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Am J Clin Nutr. 1991 Jan;53(1 Suppl):380S-382S. doi: 10.1093/ajcn/53.1.380S.

An open trial of high-dosage antioxidants in early Parkinson's disease.

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Department of Neurology, Columbia University College of Physicians and Surgeons, New York, New York.


High dosages of tocopherol and ascorbate were administered to patients with early Parkinson's disease as a preliminary open-labeled trial for the eventual controlled double-blind study evaluating antioxidants as a test of the endogenous toxin hypothesis of the etiology of Parkinson's disease. The primary endpoint of the trial was the need to treat patients with levodopa. The time when levodopa became necessary in the treated patients was compared with another group of patients followed elsewhere and not taking antioxidants. The time when levodopa became necessary was extended by 2.5 y in the group taking antioxidants. The results of this pilot study suggest that the progression of Parkinson's disease may be slowed by the administration of these antioxidants. A large multicenter, controlled clinical trial currently underway in North America evaluating tocopherol and deprenyl has the potential to confirm these results.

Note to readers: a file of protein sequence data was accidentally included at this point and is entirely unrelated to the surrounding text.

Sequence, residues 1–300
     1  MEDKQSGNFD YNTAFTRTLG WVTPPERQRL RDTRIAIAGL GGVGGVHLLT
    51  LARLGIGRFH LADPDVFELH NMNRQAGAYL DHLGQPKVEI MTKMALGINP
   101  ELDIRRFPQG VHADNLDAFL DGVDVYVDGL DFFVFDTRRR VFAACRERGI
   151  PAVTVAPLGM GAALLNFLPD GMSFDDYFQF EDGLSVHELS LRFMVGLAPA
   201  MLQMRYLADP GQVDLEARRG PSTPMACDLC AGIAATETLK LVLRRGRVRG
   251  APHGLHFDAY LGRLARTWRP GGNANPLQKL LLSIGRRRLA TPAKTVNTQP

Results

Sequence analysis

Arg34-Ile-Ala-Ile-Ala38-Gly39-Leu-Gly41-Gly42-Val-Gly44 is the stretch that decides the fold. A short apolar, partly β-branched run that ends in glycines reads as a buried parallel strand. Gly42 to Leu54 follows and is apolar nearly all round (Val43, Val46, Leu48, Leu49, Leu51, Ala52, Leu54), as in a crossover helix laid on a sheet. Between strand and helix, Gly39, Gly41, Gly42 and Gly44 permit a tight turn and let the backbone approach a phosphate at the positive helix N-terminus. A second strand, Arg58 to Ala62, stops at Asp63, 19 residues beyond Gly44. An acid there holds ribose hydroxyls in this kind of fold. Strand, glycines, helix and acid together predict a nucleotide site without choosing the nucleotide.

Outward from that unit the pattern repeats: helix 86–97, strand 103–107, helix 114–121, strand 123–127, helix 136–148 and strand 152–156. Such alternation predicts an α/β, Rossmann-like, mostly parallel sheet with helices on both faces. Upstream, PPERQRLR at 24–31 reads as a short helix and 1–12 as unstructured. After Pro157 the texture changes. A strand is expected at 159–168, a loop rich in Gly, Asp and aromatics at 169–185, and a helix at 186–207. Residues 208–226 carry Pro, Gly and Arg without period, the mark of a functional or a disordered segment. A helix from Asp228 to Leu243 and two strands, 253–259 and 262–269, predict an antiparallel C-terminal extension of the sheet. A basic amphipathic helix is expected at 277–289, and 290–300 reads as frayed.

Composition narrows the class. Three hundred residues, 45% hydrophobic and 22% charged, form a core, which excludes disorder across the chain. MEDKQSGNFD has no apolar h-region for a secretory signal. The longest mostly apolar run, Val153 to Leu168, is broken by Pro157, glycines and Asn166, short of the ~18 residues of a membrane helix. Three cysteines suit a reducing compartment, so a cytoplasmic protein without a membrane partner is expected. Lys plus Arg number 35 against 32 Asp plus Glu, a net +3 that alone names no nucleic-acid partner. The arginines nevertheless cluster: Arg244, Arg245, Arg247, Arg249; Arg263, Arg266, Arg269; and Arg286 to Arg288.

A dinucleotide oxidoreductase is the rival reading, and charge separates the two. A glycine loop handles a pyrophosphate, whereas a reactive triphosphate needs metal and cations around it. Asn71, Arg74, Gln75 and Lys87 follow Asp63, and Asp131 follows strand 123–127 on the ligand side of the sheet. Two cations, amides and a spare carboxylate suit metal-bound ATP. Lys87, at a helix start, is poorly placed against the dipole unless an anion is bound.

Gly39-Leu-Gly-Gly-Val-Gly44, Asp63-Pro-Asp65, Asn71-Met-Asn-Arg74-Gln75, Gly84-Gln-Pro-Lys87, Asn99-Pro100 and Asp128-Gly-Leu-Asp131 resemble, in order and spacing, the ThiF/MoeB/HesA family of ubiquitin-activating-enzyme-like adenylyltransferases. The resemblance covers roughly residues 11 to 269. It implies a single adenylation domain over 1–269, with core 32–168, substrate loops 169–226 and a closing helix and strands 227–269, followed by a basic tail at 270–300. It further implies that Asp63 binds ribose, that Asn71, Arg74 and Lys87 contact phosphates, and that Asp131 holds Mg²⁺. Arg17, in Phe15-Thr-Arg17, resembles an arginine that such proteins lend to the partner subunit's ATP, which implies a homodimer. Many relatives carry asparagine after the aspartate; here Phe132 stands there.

[Indexed for MEDLINE]

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